July 23, 2011

Now is a teachable moment for study and discussion of the First Amendment and the religiously tinged politics of our time. Here, a quiz, a short history of the First Amendment, four case studies and suggested classroom activities.

To the Teacher:

This is a teachable moment for study and discussion of the First Amendment and the religiously tinged politics of our time. The Supreme Court's decision banning public funding for religious study and its decision to uphold a voucher system that pays religious schools' tuition made headlines. Religion was a potent force in the 2004 presidential election and greatly influenced the recent Congressional effort to intervene in the Schiavo case. Other church/state issues in the headlines: disputes over the teaching of evolution, efforts to make a constitutional issue of gay marriage, senatorial battles over federal appeals court appointees, and the perennial Roe v. Wade issue.

The materials below help students explore the issue of church and state, beginning with a True-False quiz to stimulate student interest in the First Amendment and related issues. Reading 1 offers an historical overview of the First Amendment. Reading 2 provides four case studies for student examination and role-playing. Suggestions for additional classroom activities follow.


Church and State: An Introductory Quiz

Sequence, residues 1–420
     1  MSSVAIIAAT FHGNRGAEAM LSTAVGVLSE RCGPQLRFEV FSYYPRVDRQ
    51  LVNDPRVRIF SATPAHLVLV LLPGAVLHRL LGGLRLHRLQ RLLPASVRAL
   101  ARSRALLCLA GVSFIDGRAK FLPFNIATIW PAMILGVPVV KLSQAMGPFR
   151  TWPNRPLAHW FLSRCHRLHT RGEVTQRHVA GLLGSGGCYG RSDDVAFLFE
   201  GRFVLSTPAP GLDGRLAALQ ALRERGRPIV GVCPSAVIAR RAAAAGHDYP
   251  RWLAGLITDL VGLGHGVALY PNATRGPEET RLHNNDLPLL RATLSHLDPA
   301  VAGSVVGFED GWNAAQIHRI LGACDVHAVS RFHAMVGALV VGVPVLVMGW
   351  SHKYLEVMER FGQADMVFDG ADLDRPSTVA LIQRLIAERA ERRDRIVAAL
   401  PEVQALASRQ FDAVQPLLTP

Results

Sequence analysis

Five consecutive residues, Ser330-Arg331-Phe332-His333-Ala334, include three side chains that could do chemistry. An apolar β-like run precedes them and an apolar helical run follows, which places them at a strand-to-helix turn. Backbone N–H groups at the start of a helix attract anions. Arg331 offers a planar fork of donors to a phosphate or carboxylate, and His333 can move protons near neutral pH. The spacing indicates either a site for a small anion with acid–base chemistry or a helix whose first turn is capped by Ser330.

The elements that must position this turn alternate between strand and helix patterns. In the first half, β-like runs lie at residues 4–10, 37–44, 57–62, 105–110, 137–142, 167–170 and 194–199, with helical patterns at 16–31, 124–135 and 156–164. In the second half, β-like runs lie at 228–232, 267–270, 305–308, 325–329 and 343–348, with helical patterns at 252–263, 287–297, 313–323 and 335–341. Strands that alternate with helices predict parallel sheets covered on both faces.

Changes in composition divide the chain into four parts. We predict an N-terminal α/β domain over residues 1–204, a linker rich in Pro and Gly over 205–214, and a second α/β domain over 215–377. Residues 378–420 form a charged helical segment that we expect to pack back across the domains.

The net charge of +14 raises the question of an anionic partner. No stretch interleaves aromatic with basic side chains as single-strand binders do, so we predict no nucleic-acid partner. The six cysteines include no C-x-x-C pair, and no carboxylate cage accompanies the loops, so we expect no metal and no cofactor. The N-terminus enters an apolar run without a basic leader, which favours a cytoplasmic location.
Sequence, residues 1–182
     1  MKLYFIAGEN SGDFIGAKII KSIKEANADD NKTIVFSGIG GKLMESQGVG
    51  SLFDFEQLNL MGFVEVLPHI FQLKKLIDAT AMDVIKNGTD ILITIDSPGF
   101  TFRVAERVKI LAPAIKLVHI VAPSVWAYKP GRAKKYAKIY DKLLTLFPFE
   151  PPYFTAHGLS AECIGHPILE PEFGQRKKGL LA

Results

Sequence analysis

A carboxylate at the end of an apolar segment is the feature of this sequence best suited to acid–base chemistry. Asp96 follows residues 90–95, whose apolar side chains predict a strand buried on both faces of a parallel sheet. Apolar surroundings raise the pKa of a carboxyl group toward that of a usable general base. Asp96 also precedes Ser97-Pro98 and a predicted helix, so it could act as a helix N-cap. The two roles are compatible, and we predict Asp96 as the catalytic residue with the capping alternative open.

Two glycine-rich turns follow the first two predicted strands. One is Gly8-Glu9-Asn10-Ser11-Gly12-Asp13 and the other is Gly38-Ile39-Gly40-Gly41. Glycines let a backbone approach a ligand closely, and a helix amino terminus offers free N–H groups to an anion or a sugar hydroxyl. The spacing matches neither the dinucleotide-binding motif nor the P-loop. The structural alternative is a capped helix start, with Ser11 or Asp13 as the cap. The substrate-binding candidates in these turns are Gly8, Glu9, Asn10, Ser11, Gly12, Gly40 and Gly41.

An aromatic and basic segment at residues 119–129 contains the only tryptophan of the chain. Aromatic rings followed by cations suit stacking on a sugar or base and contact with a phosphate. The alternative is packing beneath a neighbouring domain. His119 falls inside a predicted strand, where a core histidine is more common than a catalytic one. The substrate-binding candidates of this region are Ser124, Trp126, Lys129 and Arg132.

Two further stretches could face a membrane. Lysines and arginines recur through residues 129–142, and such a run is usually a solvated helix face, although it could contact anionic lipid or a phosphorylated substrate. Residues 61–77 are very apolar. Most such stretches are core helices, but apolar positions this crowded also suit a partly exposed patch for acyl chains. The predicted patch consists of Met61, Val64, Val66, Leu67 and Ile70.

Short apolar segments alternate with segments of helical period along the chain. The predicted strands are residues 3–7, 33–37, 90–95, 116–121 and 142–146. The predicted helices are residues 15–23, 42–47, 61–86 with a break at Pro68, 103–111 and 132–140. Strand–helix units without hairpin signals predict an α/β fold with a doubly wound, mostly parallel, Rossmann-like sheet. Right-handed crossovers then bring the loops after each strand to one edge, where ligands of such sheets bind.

Before each number write T (True), F (False) or U (Uncertain).

1. Before the Constitution was adopted, a Virginia or Maryland citizen had to pay taxes to help support the Anglican Church whether the citizen belonged to it or not.

2. George Washington did not believe that the United States government was founded on the Christian religion.

3. The Constitution forbids the worship of more than one god.

4. The Constitution requires a candidate for public office to be a member of an established religion.

5. The word "God" does not appear in the Constitution.

6. The facts that a) "In God We Trust" appears on all U.S. currency and b) "under God" is part of the Pledge of Allegiance demonstrate that the founders of the U.S. believed in God.

7. The Constitution permits a public school to conduct a non-denominational prayer.

8. The Constitution does not permit a public school student to pray in school.

9. A school system may require science instruction that includes teaching "alternative theories" to evolution.

10. Public financing for a church, synagogue, or mosque building is constitutional.



1. True
2. True (See first reading.)
3. False
4. False
5. True
6. False. (These phrases are products of Congressional legislation in the 1950s.)
7. False (See Case 2 in second reading.)
8. False (The Supreme Court ruling on Case 2 prohibits the official conduct of prayers. Students in public schools may pray, read the Bible or other religious texts on their own, say grace at lunch, distribute religious materials to friends, and join voluntary religious clubs.)
9. True (See Dover, PA and the State of Kansas.)
10. Uncertain (See Case 4. The constitutionality of such financing has not yet been tested judicially.)


Student Reading 1

First Amendment History